Thanks for noticing the changes, Brad – and for liking my old theme as well! 😍

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  4. What a lovely post honoring the right to vote. I frequently feel emotional when I cast my vote. I don’t take it for granted. It’s a privilege to have a say in the future of my country. Unfortunately, that isn’t as widespread a sentiment in the US as it is in Sweden. And our polling stations are nearly so beautiful or entertaining. Thanks for sharing a bit about your great-grandmothers. What a fascinating history.

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    1. Thank you! It truly is a great honor to vote – and to live in a democracy. I must say this polling station is something else – mostly people vote in gym halls, schools or such. I am just really lucky to live close to this beautiful old house.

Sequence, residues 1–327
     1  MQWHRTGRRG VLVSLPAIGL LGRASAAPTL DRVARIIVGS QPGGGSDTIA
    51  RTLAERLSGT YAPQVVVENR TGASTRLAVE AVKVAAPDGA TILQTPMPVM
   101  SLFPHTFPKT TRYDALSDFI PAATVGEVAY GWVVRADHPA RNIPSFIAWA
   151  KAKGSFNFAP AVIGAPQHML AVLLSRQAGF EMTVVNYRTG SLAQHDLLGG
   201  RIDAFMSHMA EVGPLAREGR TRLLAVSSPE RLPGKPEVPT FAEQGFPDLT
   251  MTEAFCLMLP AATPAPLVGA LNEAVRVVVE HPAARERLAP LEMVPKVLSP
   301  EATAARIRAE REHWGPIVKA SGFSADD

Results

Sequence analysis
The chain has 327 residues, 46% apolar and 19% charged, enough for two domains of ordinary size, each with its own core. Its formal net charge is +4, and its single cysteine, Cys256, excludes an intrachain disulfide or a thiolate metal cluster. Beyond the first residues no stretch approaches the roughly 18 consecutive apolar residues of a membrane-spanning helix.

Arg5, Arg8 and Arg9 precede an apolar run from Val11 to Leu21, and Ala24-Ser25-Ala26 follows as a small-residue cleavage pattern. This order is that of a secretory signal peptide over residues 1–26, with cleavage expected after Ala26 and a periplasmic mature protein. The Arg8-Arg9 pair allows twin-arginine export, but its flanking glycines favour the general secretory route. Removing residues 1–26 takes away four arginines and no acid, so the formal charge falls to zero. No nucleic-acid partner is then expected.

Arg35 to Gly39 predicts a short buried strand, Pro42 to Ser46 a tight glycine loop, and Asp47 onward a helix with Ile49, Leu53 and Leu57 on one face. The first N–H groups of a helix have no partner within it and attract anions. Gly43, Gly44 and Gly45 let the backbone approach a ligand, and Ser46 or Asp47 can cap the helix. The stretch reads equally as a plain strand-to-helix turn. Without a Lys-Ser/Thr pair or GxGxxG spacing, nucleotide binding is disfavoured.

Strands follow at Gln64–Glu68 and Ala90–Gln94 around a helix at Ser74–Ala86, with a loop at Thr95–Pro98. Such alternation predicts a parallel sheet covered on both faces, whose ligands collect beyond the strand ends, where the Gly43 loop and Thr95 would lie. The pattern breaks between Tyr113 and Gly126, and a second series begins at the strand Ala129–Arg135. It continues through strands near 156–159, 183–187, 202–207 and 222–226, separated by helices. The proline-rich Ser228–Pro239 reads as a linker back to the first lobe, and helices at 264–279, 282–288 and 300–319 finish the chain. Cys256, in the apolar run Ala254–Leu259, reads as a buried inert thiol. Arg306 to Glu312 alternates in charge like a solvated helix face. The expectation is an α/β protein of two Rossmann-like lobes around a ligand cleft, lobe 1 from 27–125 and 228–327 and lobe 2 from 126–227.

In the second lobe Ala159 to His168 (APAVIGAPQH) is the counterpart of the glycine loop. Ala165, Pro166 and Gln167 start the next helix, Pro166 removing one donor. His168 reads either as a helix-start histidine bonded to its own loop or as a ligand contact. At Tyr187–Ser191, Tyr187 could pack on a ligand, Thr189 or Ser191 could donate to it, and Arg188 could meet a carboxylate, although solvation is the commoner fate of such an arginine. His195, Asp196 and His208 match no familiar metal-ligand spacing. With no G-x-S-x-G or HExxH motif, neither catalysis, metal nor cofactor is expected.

It would be very interesting to know more about how people feel about the right to vote in the US.

      You have much bigger election campaigns than we do and it seems big rallies are common as well – something that could perhaps be a way of engaging people. Here, politicians do visit different locations around the country, but they don’t draw such big crowds. Usually they make some speech in the town square… But we’re a very small country in comparison, of course.

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      1. I think there’s a strange sense here that voting doesn’t make a difference, so why bother. Then people don’t vote and complain that nothing changes. Lol. It’s mind-boggling. There’s a lot of money in politics here, which hurts democracy. I’d like more fairness… and given the choice, I’d vote for it!

        Liked by 1 person

        1. And still, when the votes are in, it’s very clear they do count! Yes, it’s very hard to understand – not very logical. I understand what you are saying about more fairness. Also, about having choices. Even with so many parties like we have here, many people express difficulty in finding the “right fit” for them. This year it seems the number of people who voted sunk pretty much. I haven’t seen the final result yet, but it’s down about 6 percent. That also says something…